The BBC has recently launched an information service on Ebola using Whatsapp. Whatsapp is the biggest chat app in use in West Africa.
The service is specifically aiming at people in en from West Africa and will provide text message alerts, audio, radio and images to help people get the latest information on Ebola developments in the region. The services furthermore aim to prevent further spreading of the disease.
Director of the World Service Group Peter Horrocks said: “This outbreak of Ebola shows no signs of abating. Myths and misinformation about Ebola are still widespread – and life-threatening.”
The new service is in both English and French and will comprise public health information on Ebola from the BBC, using audio, text message posts and images. It will also include breaking news alerts related to Ebola. To subscribe, send 'JOIN' via WhatsApp to +44 7702 348 651 (you need to save this number in your phone's contacts first) To unsubscribe, send 'STOP' via WhatsApp to the same number.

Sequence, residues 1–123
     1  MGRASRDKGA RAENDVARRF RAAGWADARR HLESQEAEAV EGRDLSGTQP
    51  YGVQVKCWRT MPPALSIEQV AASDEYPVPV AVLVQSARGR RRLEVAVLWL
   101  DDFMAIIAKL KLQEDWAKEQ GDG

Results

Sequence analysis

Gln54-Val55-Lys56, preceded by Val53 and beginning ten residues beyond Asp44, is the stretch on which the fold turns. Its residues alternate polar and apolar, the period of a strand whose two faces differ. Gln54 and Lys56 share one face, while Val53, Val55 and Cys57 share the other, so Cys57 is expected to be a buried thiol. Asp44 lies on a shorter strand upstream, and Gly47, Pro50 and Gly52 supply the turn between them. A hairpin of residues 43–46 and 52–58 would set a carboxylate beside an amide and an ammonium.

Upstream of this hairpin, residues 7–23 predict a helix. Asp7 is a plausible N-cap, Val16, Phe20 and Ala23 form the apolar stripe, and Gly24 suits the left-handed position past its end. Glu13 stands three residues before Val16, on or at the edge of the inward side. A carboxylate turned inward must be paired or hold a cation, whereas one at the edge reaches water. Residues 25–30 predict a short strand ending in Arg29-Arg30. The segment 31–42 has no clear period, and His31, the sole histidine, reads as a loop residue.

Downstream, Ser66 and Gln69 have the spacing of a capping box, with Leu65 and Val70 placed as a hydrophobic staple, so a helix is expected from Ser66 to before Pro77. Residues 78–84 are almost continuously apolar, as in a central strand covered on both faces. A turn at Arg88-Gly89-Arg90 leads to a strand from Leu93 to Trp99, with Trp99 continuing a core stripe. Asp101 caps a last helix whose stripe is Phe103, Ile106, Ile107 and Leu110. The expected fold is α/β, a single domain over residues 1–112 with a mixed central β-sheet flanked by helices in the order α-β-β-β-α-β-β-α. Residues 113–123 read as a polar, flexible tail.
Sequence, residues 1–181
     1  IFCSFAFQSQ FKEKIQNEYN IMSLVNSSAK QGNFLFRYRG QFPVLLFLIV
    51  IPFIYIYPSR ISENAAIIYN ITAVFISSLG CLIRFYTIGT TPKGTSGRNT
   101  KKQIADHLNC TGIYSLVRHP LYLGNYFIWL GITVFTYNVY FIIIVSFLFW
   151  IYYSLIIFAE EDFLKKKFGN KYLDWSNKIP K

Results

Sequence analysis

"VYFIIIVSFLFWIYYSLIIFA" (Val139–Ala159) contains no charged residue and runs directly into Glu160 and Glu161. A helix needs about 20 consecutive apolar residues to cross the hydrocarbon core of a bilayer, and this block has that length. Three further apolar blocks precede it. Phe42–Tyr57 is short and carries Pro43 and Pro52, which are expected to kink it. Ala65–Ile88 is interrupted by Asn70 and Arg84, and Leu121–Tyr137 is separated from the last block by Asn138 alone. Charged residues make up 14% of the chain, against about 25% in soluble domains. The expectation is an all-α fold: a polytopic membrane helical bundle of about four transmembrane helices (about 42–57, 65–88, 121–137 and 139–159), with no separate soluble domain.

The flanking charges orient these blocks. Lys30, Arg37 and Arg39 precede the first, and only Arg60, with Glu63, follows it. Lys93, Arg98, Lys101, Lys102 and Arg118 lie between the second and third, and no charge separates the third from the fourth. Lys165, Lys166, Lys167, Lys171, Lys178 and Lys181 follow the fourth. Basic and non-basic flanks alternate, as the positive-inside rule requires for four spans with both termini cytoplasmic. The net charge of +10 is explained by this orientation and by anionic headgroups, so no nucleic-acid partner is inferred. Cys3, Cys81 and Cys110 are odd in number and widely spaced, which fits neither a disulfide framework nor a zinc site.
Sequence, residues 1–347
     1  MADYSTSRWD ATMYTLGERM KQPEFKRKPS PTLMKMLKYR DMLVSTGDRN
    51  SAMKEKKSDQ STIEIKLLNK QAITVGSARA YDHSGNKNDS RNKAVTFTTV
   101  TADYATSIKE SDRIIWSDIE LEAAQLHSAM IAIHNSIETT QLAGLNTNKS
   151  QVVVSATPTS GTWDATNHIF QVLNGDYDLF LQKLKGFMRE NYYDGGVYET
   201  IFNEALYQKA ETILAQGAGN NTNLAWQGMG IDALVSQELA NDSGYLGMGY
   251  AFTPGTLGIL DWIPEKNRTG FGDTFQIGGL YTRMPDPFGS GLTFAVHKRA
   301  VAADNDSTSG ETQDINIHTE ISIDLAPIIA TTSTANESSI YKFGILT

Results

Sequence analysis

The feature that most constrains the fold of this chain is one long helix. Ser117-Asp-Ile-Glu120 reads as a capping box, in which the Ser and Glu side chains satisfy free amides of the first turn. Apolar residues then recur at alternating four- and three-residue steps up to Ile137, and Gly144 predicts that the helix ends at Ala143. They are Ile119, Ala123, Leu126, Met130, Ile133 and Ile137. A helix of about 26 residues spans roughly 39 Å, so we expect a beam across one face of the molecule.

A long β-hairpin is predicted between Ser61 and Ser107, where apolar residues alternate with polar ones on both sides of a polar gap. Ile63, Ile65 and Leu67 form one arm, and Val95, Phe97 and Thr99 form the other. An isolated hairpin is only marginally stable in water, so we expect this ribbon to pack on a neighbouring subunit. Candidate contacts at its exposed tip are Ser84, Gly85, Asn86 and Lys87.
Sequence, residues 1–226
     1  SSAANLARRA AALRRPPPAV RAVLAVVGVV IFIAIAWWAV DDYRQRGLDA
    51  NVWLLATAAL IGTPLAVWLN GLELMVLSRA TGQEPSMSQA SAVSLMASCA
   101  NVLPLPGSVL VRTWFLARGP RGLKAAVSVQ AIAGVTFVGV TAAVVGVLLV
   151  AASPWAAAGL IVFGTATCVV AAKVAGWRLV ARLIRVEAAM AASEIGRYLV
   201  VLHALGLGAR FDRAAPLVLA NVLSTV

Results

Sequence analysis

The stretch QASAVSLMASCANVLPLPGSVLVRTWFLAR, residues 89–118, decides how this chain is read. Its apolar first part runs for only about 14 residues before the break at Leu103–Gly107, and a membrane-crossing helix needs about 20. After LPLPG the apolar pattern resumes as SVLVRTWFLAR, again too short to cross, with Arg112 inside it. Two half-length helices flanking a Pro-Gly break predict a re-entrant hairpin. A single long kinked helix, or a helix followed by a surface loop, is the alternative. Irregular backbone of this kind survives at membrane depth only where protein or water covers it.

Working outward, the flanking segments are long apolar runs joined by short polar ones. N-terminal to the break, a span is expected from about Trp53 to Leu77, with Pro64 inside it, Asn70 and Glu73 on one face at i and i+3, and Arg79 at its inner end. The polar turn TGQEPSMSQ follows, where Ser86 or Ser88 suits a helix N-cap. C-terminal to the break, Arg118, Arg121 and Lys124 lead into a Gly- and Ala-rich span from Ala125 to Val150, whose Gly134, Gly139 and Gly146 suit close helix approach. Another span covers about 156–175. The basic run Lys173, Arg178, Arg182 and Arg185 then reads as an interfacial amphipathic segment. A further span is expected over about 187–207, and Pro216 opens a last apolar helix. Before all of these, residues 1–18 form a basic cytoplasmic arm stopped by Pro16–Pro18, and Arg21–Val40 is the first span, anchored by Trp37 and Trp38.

This is the first time the BBC has used a chat app specifically for health information programming, although instant messaging applications including Line, Mixit, BBM, WeChat and Whatsapp have been successfully used for breaking news alerts and while reporting the elections in India and South Africa.
Whatsapp is increasingly being used a an alert service, as more then 600 million people around the world use the popular chat app. Although Whatsapp doesn’t allow these kinds of services and has not published an API for developers, the chat app isn’t shutting the initiatives down either.
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